Of course, he’s right. Even while the newshound in me clamors for the facts, I know that high-profile cases like this one can easily be derailed if an appropriate level of silence isn’t maintained throughout. That in order for justice to be served, sometimes silence is necessary.

Benninger elaborated on this, explaining that the “silence which has surrounded these proceedings was caused and insisted upon by me so that the work we needed to do on the defense was to preserve the integrity of the defense to protect the rights of Shelia Eddy, the rights of Rachel Shoaf, and most importantly, the rights of Skylar Neese and her family, so they could be protected without interference . . .”

Shelia’s attorney said the silence from the defense shouldn’t be interpreted as a “sign of any lack of concern, worry, or caring by Shelia Eddy and any member of her family resulting from Skylar’s death.”

Still speaking on the teenager’s behalf, Benninger said, “I can state without hesitation or reservation that all concerned must know and understand that Shelia Eddy, my client, and her family recognize that the Neese family is in a constant state of despair, loneliness, and sadness.”

Then came the only apology the court heard. “For that, Shelia Eddy and her family are and will be eternally sorry. These proceedings are now coming to a close. With this conclusion, we hope that all families, the Neese family most importantly, the Eddy family, and the Shoaf family, all tragically affected by the actions of Shelia and Rachel, resulting in Skylar’s death, can move forward in a more peaceful and hopeful way.”

Benninger’s sentiments on behalf of Shelia and her family were certainly important. No doubt the Eddy family needed the Neeses to know they are sorry for what’s happened, for the loss of their daughter.

But what a shame those words didn’t come from Shelia Eddy’s own lips. Instead, she chose to continue her deafening silence.

* * * *

My next book, Guilt by Matrimony, about the murder of Aspen socialite, Nancy Pfister, comes out November 17. My memoir, Sister of Silence, is about surviving domestic violence and how journalism helped free me; Cheatin’ Ain’t Easy, now in ebook format, is about the life of Preston County native, Eloise Morgan Milne; The Savage Murder of Skylar Neese (a New York Times bestseller, with coauthor Geoff Fuller) and Pretty Little Killers (also with Fuller), released July 8, 2014, and featured in the August 18 issue of People Magazine.

You can find these books either online or in print at a bookstore near you, at BenBella Books, Nellie Bly Books, Amazon, on iTunes and Barnes and Noble.

For an in-depth look at the damaging effects of the silence that surrounds abuse, please watch my live TEDx talk, given April 13, 2013, at Connecticut College.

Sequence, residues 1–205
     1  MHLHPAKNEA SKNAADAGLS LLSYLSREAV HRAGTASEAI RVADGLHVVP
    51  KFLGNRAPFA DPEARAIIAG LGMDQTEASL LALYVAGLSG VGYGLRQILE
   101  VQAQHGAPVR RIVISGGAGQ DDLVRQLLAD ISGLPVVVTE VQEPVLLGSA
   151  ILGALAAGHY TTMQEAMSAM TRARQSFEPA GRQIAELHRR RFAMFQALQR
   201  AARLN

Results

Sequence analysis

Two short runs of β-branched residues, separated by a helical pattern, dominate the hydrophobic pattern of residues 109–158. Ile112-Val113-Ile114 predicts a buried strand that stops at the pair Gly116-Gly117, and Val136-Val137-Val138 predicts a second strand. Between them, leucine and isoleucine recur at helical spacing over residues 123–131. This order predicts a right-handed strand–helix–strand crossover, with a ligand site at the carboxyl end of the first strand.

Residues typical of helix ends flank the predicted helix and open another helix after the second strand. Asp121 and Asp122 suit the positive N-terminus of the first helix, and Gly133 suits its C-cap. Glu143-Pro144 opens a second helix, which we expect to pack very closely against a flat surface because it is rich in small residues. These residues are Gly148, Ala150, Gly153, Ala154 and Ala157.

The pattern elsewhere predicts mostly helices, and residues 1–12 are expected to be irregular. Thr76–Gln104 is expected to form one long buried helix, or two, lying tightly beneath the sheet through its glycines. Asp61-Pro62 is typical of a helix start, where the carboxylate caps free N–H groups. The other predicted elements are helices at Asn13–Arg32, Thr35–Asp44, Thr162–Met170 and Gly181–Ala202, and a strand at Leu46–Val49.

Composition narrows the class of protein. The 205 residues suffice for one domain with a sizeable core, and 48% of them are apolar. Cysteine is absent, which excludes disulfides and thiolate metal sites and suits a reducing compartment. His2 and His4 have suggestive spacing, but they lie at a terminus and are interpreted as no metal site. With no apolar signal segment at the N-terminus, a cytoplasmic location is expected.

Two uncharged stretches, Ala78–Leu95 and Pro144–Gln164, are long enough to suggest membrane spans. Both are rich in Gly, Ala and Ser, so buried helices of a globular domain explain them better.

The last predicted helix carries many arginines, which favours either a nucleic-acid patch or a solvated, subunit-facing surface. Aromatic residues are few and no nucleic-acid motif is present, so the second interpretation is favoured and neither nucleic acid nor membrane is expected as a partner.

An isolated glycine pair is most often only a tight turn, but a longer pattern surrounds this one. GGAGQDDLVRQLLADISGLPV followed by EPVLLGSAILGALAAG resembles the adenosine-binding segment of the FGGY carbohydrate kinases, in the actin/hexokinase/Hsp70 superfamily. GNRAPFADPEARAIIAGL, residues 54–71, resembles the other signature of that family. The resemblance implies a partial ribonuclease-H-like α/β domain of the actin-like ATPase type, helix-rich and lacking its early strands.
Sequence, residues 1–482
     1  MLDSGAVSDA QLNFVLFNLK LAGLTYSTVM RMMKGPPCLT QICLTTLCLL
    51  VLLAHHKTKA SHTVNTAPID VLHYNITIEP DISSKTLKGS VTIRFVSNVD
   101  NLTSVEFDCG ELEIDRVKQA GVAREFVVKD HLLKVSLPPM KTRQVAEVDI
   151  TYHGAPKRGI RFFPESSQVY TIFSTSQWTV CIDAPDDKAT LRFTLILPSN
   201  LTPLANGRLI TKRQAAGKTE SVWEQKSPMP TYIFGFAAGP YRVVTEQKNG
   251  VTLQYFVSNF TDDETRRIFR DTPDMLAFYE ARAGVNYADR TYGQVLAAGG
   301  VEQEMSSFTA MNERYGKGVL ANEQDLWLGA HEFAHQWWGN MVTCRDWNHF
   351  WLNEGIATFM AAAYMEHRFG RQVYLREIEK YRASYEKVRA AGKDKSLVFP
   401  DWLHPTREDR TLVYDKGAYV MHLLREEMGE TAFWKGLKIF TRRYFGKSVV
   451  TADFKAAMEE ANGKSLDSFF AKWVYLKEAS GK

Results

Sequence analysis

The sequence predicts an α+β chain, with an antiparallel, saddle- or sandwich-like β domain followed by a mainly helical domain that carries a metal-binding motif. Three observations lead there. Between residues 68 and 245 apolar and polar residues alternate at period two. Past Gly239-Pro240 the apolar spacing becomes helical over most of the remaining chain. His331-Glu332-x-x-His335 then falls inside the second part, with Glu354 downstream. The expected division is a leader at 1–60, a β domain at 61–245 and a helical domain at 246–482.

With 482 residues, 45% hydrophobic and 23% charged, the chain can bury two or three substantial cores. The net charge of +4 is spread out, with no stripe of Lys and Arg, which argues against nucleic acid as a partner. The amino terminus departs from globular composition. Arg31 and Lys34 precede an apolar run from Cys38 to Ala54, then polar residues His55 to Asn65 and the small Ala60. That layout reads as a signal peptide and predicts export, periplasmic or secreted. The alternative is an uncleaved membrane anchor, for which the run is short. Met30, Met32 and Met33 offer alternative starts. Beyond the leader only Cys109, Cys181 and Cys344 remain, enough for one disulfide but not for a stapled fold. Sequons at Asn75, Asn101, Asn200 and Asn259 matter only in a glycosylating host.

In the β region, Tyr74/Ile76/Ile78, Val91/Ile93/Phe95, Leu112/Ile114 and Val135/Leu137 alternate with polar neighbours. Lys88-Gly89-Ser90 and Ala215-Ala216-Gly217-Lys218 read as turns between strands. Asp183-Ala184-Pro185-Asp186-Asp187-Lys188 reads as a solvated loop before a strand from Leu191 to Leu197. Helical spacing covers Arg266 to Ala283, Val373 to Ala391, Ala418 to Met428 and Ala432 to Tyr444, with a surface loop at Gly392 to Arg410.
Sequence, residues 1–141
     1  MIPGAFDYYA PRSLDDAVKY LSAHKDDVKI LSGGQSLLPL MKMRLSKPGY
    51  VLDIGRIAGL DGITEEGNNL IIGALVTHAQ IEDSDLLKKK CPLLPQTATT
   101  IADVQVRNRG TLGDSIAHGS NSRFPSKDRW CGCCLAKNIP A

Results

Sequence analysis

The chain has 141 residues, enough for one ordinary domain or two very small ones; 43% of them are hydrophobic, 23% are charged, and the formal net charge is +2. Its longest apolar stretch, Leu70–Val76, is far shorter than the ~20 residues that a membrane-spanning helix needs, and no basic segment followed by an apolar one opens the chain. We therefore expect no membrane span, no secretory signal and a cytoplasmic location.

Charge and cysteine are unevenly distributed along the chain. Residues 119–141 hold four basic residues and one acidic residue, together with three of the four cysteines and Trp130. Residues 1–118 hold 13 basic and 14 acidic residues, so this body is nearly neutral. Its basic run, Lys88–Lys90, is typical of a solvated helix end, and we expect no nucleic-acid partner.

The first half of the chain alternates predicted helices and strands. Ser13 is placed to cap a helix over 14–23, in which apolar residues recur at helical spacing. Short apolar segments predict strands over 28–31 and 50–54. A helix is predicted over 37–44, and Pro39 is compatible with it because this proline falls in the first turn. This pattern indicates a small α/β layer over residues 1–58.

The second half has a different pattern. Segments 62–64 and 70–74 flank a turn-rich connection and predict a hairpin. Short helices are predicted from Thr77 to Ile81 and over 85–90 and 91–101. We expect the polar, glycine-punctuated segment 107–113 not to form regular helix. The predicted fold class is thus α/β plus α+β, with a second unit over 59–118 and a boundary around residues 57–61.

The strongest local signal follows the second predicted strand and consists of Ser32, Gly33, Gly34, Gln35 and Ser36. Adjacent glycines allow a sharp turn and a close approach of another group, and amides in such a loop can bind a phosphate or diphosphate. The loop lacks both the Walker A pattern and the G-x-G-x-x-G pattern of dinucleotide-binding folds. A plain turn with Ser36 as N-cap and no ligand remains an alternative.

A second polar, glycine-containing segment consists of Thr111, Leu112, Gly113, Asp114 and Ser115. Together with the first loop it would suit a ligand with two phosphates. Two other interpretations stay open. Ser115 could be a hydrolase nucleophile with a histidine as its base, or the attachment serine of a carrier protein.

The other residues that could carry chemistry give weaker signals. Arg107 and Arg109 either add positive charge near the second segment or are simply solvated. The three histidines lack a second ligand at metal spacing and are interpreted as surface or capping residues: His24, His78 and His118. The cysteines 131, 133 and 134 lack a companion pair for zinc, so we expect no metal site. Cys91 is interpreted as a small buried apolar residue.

Have a great day and remember, it’s whatever you want to make it!

~Daleen

Editor’s Note: Daleen Berry is a New York Times best-selling author and a recipient of the Pearl Buck Award in Writing for Social Change. She has won several other awards, for investigative journalism and her weekly newspaper columns, and her memoir, Sister of Silence, placed first in the West Virginia Writers’ Competition. Ms. Berry speaks about overcoming abuse through awareness, empowerment and goal attainment at conferences around the country. To read an excerpt of her memoir, please go to the Sister of Silence site. Check out the five-star review from ForeWord Reviews. Or find out why Kirkus Reviews called Ms. Berry “an engaging writer, her style fluid and easy to read, with welcome touches of humor and sustained tension throughout.”

Shelia Eddy Sentenced to Life With Mercy


I can’t say how many expressions passed across Shelia Eddy’s face from the time she walked into Judge Russell Clawges’ courtroom until she took her seat and began sobbing, but I can tell you she’s one of the most difficult people to read I’ve ever seen during the 25 years I’ve been covering criminal trials.

What does one say when a girl of 18 pleads guilty to first-degree, premeditated murder? Yes, it means the victim’s family doesn’t have to suffer the agony of a long and drawn-out trial. I’m not sure it gives us much else to cheer about, though.

Shelia Eddy and her defense attorney, Michael Benninger, appeared in court Friday when Eddy pleaded guilty to first-degree murder.

What about the fact that, in this country, a juvenile cannot receive a life sentence without the possibility of parole? If that juvenile has taken another human life, then shouldn’t the law dictate her life be spent behind bars—without any hope of freedom?

Today Eddy did what it’s been rumored she would do for some time: she pled guilty to intentionally killing Skylar Neese. Eddy didn’t so much tell the court—Eddy didn’t speak at all about what she and co-conspirator Rachel Shoaf did—she simply pled guilty to all of the charges Clawges read from his bench. Eddy said she understood what the charges meant. She said no one had pressured her to plead guilty. She said her legal representation was good.

She “said” all that in the form of “Yes, Sir,” and “No, Sir,” when the Judge asked her.